2. Washington Redskins (19th)

The Redskins' defense had too many holes last season. The pass rush was nonexistent, and points allowed jumped from 18.3 a game in 2005 to 23.5 in '06. Defensive coordinator Gregg Williams, hoping to stem the tide, resorted to plays that didn't work, and Joe Gibbs didn't have enough offense to counter the problem.

But expect the defense to show some life in 2007. London Fletcher brings energy and experience to the middle linebacker position, and Rocky McIntosh provides enthusiasm and range on the weak side. In fact, whenever the Redskins make a tackle, it seems as though Fletcher, McIntosh and either LeRon Landry or Sean Taylor are around the ball.

The offense seems to be maturing, with Jason Campbell appearing more comfortable as a quarterback. Gibbs doesn't have to rely exclusively on Clinton Portis as the main running back because Ladell Betts does a great job off the bench.

3. Miami Dolphins (20th)

Underestimate the Dolphins at your own risk. Sure, quarterback Trent Green looks shaky as he learns the changes new coach Cam Cameron has made to the offense since the two worked together in Washington. And yes, the offensive line looks horrible right now. Every play seems to break down, which forces Green to get rid of the ball quicker on pass plays when Ronnie Brown isn't having to dodge defenders on run plays.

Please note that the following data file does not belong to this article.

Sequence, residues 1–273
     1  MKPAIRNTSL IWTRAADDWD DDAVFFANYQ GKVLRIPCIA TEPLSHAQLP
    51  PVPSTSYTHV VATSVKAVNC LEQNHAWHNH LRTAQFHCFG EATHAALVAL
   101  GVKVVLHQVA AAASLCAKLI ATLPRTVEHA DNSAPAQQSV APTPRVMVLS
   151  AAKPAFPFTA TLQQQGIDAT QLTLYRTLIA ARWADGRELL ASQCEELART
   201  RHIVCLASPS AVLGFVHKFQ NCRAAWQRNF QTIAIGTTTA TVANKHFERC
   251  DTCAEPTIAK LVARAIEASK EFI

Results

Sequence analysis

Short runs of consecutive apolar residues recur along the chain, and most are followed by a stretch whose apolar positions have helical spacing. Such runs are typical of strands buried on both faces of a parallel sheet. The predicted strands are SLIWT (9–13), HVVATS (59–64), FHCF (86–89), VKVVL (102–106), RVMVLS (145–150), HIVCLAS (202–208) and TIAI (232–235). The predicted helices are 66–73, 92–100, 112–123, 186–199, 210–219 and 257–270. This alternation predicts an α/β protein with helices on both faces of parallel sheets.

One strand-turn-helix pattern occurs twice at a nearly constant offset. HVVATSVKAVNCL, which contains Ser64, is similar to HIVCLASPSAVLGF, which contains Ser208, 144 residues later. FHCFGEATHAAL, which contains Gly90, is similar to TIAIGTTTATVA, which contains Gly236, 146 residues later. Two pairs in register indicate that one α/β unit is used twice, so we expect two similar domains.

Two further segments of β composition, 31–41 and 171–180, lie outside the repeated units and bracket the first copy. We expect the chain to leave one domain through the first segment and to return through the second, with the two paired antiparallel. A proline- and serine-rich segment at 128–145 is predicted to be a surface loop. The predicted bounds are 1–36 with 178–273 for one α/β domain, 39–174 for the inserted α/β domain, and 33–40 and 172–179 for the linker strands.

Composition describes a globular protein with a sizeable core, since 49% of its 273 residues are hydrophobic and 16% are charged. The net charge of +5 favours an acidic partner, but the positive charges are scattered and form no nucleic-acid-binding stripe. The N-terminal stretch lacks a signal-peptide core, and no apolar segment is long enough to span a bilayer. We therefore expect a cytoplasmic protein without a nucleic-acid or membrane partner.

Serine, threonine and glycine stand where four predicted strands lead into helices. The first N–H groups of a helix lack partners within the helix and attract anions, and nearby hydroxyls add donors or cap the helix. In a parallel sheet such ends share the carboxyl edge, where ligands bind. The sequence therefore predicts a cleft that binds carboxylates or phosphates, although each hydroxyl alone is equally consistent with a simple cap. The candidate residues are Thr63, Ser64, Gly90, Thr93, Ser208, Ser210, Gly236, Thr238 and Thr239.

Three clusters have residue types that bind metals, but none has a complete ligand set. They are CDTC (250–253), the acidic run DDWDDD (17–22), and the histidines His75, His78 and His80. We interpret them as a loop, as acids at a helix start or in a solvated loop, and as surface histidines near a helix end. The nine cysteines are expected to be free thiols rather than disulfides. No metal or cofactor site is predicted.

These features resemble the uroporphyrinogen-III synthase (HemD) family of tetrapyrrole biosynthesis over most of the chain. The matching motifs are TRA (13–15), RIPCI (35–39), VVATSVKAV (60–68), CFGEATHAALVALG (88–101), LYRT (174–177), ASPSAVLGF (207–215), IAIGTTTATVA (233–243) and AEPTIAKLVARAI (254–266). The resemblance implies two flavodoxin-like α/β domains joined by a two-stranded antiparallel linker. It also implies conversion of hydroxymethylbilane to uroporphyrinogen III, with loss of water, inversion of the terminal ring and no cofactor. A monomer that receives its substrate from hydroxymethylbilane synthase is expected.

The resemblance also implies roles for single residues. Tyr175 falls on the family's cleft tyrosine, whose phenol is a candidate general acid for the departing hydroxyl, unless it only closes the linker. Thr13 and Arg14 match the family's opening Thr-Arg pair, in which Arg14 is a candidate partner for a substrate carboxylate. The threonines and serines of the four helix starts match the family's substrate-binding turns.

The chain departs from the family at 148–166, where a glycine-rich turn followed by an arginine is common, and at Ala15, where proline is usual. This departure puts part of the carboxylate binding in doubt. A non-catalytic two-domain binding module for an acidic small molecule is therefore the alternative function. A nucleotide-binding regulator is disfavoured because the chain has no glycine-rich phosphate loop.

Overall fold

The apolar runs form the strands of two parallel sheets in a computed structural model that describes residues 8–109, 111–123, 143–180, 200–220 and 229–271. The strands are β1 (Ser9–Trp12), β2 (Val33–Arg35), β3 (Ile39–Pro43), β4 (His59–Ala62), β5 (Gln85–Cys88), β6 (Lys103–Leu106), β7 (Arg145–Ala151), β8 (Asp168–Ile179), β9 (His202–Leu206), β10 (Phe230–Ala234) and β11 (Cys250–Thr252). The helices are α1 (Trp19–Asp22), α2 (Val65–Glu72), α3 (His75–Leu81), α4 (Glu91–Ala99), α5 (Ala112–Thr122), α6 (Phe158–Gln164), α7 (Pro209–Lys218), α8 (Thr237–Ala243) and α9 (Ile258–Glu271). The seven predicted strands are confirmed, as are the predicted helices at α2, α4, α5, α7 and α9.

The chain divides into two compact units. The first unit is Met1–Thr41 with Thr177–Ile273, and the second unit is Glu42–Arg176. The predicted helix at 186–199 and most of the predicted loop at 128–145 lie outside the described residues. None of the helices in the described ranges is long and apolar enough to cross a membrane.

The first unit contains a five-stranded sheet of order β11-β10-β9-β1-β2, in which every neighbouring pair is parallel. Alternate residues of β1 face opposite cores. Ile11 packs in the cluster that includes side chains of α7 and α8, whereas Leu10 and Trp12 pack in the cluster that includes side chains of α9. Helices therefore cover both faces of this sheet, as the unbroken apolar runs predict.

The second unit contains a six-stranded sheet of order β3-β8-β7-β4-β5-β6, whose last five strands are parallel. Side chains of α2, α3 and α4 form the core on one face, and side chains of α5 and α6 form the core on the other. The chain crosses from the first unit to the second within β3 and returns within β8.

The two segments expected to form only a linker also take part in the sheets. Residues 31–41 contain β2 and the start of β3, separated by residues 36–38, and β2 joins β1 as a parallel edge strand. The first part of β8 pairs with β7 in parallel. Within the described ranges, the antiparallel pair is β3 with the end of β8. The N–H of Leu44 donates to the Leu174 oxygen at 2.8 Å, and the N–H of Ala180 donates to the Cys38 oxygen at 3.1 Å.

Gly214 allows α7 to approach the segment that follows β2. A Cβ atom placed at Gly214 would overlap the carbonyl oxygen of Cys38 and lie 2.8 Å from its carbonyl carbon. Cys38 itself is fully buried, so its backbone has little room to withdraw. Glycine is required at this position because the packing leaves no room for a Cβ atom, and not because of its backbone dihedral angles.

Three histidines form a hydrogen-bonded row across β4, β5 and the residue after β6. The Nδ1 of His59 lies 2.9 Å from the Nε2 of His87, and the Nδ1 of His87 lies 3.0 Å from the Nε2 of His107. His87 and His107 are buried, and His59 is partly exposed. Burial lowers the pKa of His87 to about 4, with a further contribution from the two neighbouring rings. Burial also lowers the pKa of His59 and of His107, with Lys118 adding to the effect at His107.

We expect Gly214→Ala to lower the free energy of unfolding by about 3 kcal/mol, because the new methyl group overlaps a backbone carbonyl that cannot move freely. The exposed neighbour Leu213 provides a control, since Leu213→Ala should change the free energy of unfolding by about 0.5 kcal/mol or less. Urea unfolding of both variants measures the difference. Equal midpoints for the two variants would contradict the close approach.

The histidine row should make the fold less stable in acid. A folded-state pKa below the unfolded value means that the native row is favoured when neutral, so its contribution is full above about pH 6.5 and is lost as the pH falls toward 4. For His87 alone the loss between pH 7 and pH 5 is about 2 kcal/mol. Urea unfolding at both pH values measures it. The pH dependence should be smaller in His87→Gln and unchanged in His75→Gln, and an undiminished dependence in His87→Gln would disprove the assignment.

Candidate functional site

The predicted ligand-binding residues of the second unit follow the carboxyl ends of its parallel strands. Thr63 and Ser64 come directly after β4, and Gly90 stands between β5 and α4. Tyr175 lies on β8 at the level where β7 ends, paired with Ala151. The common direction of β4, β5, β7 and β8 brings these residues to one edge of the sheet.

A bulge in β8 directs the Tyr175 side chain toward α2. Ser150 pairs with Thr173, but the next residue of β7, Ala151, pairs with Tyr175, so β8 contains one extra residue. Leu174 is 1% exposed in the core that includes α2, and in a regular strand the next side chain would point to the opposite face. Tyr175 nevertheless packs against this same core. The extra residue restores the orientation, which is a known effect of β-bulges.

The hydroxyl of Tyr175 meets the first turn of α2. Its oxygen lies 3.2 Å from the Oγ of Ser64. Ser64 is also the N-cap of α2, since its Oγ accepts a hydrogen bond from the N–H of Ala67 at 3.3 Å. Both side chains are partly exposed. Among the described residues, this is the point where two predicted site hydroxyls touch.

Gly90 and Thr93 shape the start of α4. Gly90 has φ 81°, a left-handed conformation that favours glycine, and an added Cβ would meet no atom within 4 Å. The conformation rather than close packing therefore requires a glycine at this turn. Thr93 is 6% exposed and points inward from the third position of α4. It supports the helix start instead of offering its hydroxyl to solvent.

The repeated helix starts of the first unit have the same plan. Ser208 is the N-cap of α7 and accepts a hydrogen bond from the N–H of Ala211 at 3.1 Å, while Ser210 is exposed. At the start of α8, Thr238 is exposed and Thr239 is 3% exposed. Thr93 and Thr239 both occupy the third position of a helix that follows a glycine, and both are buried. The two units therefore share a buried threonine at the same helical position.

But defensive coordinator Dom Capers has pieced together a solid unit. He knows how to put his defenders in position to stop the run and rush the quarterback. Dolphins GM Randy Mueller is doing his part by giving Capers some younger players to work into the mix.

Still, the key is Green. Once he gets up to speed, expect him to complete more than 60 percent of his passes while increasing the team's scoring average from 16.3 points last season to more than 20 a game this year. If the Dolphins take advantage of one of the conference's easier schedules, they could challenge the Jets for second place in the AFC East.

4. Tennessee Titans (22nd)